Tuesday, September 25, 2018

Interview with thriller author Glenn Dyer

Novelist Glenn Dyer is here today and we’re chatting about his new thriller, The Torch Betrayal.

Long captivated by the events of World War II, Glenn Dyer couples this fascination with his passion for historical thrillers with the publication of The Torch Betrayal, the first in the Conor Thorn Series. He resides in Park City, Utah with his wife Chris. They have three children, all of whom live too far away.

Welcome, Glenn. Please tell us about your current release.
A disgraced agent. A missing battle plan. Will he find redemption or damage the Allies beyond repair? 

London, 1942. OSS Agent Conor Thorn is desperate for a second chance. After a botched mission in Tangier, Thorn knows failure is not an option. When confidential directives for Operation Torch, the invasion of North Africa, go missing, the agent must recover the plans before the Nazis thwart the crucial mission.

Thorn teams up with MI6 agent Emily Bright to seek out the traitor in their midst. Untangling the web of suspects leads them to Nazi sympathizers, double-crossing Soviet spies, and Vatican clergymen with motives of their own. As their mission grows more and more dangerous, Thorn and Bright have one chance to retrieve the document before it falls into enemy hands, leaving countless Allied troops in danger. 

The Torch Betrayal is a high-stakes World War II thriller inspired by true events.

What inspired you to write this book?
The Torch Betrayal, is inspired by an actual event that I uncovered while doing research for a World War II set novel that I wanted to write. In Harry C. Butcher’s book, My Three Years with Eisenhower (1946), he revealed that a top-secret document that contained key directives of the invasion f North Africa, Operation Torch, had gone missing. Nowhere in his fascinating book does he mention that the page was recovered. Given that the invasion did, in fact, occur, I had to assume that the page must have been recovered because to have launched the invasion as it was originally scheduled with the knowledge that the missing document might have fallen into the hands of the Nazis would have been potentially disastrous. The Torch Betrayal is my story as to what happened to that top-secret document.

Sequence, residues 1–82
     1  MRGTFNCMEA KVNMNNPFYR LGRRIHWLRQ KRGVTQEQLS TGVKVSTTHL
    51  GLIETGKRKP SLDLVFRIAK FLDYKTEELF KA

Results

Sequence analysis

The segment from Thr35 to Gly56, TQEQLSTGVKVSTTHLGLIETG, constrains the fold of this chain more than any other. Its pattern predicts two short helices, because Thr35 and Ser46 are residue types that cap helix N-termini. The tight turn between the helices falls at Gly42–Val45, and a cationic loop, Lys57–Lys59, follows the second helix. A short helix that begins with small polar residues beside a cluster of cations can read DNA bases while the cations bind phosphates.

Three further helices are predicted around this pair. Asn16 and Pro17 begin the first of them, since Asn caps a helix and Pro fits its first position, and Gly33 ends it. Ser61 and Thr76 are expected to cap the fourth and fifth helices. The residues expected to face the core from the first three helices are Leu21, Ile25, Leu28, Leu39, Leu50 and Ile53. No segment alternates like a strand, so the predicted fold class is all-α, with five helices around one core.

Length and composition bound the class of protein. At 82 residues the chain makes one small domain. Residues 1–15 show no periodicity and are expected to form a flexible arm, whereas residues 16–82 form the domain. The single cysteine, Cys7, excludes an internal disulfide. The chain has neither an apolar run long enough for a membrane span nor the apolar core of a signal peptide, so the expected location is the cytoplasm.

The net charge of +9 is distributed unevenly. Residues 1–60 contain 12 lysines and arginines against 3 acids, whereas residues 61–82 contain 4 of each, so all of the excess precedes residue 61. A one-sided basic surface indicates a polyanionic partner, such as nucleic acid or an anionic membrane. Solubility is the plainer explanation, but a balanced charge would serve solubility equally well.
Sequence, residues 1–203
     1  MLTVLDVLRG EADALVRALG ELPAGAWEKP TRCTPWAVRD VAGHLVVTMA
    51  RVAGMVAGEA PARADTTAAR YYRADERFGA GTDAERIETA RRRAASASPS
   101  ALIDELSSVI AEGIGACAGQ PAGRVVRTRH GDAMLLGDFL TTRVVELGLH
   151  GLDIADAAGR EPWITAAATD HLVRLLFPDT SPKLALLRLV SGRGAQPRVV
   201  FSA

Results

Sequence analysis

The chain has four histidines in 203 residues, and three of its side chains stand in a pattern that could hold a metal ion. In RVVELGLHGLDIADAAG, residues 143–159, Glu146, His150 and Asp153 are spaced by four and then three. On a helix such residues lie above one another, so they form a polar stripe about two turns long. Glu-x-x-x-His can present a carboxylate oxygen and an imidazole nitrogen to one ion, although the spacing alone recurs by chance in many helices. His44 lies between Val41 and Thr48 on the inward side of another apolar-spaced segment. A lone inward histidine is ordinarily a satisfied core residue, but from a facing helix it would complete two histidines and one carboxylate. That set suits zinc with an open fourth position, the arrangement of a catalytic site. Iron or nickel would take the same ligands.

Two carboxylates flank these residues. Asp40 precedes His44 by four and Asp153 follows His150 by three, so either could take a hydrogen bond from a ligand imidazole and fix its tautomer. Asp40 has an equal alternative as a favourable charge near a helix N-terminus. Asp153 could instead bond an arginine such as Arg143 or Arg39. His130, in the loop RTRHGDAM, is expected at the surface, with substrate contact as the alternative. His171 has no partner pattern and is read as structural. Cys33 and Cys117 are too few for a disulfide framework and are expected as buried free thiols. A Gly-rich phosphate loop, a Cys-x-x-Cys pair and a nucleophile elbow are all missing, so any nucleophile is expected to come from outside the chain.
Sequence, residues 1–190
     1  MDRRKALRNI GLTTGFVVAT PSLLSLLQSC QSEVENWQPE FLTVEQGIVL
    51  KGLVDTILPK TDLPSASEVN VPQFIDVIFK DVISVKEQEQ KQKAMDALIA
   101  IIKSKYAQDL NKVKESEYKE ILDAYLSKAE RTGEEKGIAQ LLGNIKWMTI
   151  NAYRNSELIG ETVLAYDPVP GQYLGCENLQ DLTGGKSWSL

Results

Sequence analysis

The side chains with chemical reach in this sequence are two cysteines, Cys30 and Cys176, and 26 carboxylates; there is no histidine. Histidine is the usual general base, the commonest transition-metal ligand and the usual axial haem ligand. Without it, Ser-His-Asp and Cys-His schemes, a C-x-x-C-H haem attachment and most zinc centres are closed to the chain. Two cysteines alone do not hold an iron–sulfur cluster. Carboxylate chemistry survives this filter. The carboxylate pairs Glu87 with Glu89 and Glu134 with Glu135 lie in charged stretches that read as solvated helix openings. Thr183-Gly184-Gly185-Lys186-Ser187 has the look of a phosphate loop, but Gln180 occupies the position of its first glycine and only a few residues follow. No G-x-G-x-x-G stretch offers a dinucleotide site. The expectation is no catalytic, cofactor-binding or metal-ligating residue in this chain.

Excerpt from The Torch Betrayal:


1040 Hours, Thursday, October 15, 1942
No. 28 Queen Anne’s Gate, London

Thorn and Bright parked several doors down from No. 28. They were twenty minutes early, giving them some time to coordinate with the backup team. He was nervously looking out his side and rearview mirrors for that very team. Bright peeked at her watch
for the second time.
“Well, well, would you look at that?” Thorn was the first to spot Toulouse heading down Queen Anne’s Gate toward them and No. 28. Dressed in dark-colored civilian clothes, he was walking at a brisk pace. Two steps behind him and to the side was the Asian
woman from the Spanish embassy.
“Not who I expected to see,” Bright said, sliding down farther into her seat. “What’s your guess as to why he’s in the vicinity?”
“Could only be two reasons. Our drug-dealing murder suspect is here to collect from Montgomery, assuming he’s inside with Longworth, or to make a delivery. Maybe both. But, even from this distance, he doesn’t look too happy.”
Toulouse stopped suddenly and turned around as the Asian woman caught up to him. He flicked a cigarette into the street. Thorn saw the woman’s mouth move rapidly. She reached out and shoved him backward. Toulouse responded with a backhanded
slap to her face. The force of it caused her to stumble.
“Good God,” Bright said. “He’s such a brute. Should we do—”
“Nothing. Not now.”